I never know what interesting food and wine combinations I’m going to come across but one of the more unlikely pairings, to me anyway, was 10 yr old tawny port and fresh orange slices.  They was presented as dessert at lunch while we were visiting Quinta da Gaviosa in the Douro Valley. I was in the Douro with Discover the Origin to well, discover the wines of the Douro (ok, I guess I was discovering the origins, didn’t want to be too obvious there – #fail). Anyway, we had wound our way through the rather steep hills of the Douro to visit the father/son wine making team of Domingo and Tiago Alves de Sousa of Quinta da Gaivosa. Unfortunately, as so often happens on press trips, we were running late and so Domingo had to rush off to Porto for a wine maker’s dinner. Tiago however, was able to stay and give us a grand tour of their vineyards and explain a bit about the land. Quinta da Gaivosa’s vines are perched high on the steep  hillsides and many of the vines are over 80 years old. It’s this longevity that gives their wines such concentration. I shot a short video of Tiago explaining the soil and climate of the region. Some of you may have seen it already as I inadvertently posted it as a stand alone video here last week: Many of the vines at Quinta da Gaivosa are as I mentioned over 80 years old and there is one vineyard in particular that Tiago is not even sure how old it is,  he thinks it’s over 100 years old but no one is sure as it was an abandonded vineyard. Tiago discovered it one day and decided to see what the vines would supply. We took a drive up to the top of the hill where the abandoned vines were and he has left it much as he found it. There are big gaps between the gnarled, stubby vine trunks and...

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Tiago Alves do Sousa, talking about his old vines wine, Abandonado 2009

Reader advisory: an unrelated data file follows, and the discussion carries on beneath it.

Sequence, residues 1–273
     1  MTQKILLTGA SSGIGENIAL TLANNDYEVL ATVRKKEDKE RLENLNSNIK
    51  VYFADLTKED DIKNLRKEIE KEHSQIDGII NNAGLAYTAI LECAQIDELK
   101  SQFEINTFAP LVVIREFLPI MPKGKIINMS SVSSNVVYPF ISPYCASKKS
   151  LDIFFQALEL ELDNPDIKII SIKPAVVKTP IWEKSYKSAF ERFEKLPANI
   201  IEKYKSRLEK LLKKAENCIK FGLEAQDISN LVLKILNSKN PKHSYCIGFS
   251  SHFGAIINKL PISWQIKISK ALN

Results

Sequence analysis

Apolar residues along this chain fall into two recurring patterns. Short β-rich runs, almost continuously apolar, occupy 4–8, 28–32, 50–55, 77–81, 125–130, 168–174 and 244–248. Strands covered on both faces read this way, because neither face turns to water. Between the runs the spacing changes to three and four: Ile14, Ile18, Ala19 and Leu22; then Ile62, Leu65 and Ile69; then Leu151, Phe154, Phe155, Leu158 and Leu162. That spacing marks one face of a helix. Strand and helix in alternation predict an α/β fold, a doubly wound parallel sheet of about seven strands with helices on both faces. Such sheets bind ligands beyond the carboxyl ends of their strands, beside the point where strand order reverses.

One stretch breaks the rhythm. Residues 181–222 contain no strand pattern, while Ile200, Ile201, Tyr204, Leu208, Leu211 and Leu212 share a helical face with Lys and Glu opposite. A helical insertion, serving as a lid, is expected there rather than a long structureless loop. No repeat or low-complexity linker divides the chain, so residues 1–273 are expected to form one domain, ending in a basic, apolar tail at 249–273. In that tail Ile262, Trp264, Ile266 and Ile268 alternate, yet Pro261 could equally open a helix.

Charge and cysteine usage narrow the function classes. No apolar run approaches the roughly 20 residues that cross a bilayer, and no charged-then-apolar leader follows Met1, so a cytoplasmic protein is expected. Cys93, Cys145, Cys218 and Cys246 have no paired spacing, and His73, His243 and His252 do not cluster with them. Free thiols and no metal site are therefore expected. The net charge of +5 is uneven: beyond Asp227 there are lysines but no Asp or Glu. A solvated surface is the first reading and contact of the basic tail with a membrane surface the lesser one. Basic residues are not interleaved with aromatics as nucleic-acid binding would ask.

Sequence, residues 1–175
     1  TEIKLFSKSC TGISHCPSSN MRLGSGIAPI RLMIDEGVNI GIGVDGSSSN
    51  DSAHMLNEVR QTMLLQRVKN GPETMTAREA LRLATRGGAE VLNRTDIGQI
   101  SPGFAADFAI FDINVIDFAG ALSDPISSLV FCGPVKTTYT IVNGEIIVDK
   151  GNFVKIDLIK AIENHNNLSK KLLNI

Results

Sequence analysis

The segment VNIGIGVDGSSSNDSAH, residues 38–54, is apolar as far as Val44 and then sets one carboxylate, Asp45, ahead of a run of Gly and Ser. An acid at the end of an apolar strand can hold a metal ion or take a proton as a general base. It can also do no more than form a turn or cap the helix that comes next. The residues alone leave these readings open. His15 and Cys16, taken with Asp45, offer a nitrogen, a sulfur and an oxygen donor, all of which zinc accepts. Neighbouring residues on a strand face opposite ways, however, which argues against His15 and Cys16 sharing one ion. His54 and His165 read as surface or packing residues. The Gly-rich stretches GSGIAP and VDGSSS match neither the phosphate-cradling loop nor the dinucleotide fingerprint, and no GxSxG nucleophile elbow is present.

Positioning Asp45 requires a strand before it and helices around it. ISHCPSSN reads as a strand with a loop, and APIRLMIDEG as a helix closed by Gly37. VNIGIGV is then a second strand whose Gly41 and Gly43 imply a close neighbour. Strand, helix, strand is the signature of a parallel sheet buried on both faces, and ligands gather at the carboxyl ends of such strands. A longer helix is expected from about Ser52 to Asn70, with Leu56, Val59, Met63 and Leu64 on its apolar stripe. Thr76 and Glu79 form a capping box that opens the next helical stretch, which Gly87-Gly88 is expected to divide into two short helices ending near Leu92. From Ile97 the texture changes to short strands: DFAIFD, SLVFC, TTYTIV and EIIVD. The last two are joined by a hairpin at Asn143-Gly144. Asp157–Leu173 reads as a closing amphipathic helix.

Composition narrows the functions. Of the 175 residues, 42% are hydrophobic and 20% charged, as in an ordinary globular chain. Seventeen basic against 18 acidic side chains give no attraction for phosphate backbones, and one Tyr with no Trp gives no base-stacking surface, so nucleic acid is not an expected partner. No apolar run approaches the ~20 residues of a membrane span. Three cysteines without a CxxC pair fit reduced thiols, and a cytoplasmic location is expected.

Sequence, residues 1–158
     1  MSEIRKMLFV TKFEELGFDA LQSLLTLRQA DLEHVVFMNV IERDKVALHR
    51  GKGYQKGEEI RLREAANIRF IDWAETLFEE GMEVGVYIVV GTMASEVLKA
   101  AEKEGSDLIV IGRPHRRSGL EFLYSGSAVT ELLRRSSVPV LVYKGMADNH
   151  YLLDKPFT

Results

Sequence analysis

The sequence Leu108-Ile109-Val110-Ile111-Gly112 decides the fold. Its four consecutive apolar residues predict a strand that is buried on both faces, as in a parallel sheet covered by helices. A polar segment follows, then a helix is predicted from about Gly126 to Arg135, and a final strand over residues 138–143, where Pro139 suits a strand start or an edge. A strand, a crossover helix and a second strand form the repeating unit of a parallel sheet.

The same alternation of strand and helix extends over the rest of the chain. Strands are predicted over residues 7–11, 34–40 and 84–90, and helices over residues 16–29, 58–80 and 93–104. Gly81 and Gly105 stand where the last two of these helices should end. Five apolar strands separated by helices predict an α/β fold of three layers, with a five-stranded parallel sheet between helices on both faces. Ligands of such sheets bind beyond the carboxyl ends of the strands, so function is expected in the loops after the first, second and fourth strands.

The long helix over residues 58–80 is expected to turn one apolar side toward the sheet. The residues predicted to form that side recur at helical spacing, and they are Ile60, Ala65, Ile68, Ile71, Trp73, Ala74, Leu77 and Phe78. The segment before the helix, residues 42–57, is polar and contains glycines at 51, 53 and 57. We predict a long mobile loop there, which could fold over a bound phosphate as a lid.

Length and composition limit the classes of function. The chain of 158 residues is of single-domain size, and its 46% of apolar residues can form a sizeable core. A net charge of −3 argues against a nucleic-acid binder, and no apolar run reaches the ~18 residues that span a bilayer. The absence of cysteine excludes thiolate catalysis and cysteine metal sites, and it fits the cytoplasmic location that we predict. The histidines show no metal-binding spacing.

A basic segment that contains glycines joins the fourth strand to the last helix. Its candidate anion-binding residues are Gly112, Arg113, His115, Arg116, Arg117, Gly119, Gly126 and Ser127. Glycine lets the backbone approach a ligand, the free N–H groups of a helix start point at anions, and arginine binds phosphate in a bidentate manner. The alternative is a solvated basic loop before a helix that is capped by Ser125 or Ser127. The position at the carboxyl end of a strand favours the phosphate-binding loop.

[vodpod id=Groupvideo.11234648&w=450&h=325&fv=%26rel%3D0%26border%3D0%26] 1st collector for Tiago Alves do Sousa, talking about his old vin…Follow my videos on vodpod Share this:TwitterFacebookLinkedInPocketRedditGoogleTumblrEmailPrintPinterestLike this:Like...

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Latest podcast- Japanese koshu, Rioja and the wines of Navarra

Mar 26, 12 Latest podcast- Japanese koshu, Rioja and the wines of Navarra

Posted by in Asia, Podcast, Spain

This episode features one of Japan’s few female winemakers, Ayana Misawa, 5th generation winemaker for Grace winery (“Chuo Budoshu” in Japanese). I met Ayana at the annual Koshu of Japan tasting, held in London in late February 2012 and she sat down to tell me a bit more about the history of the koshu grape in Japan. In the UK market, Rioja is one of the most reliable and dependable wines around. However, the Spanish have woken up to the fact that they need to innovate and I met up with the winemaker for one of the centenary wineries of Rioja, Bodagas Bilbainas. Rioja has a number of wineries that are over one hundred years old but that hasn’t stopped them from looking at innovative or different ways of making their wine. Diego Pinella Navarro, head wine maker, is part of the new generation taking Rioja wines into the future. Lastly, I move up a bit further north to the wines of Navarra. Navarra is situated just north of Rioja but other then the rosés of the region, most people don’t know much about the wines. I chatted with the Consul General of the D.O.  Jordi Vidal when he was in London last week to find out more about what’s going on there, both with the traditional varieties they have always used as well as some newer ones. And, the regions wine making connections with France…. Any questions or comments, just leave me a note in the comment section. Find the podcast on iTunes: http://bit.ly/wHVS9g or Podomatic if you don’t have iTunes: http://bit.ly/GRuZAV Share this:TwitterFacebookLinkedInPocketRedditGoogleTumblrEmailPrintPinterestLike this:Like...